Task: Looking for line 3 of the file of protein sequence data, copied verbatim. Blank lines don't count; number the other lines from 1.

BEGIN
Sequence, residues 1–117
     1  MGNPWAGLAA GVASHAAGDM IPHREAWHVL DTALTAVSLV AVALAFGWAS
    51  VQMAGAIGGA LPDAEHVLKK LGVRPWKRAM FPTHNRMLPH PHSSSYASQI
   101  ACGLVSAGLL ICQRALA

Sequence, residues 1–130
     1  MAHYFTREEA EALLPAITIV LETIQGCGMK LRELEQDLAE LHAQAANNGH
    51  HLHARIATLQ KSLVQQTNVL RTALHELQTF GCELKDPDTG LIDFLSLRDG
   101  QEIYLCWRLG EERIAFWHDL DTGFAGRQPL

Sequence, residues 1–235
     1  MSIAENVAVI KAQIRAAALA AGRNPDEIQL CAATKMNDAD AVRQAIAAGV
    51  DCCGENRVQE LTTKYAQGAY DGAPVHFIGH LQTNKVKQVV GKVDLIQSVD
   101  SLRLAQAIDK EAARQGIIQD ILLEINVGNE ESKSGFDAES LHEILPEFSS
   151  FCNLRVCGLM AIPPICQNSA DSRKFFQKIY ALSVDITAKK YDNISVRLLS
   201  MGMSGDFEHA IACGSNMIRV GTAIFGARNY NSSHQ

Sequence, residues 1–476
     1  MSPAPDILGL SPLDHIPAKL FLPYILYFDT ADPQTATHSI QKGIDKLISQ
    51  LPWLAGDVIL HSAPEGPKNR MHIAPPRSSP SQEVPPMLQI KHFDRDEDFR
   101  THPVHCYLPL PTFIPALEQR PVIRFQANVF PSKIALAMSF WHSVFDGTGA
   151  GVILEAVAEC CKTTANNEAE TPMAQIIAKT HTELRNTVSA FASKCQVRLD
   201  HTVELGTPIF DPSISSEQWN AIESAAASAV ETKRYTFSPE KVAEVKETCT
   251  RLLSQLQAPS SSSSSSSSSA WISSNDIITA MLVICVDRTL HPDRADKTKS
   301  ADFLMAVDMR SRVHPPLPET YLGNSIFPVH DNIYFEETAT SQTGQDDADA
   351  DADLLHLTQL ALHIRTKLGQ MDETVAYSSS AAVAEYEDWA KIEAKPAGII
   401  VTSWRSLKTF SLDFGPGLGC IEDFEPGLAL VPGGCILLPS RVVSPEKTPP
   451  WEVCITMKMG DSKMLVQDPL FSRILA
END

    51  VQMAGAIGGA LPDAEHVLKK LGVRPWKRAM FPTHNRMLPH PHSSSYASQI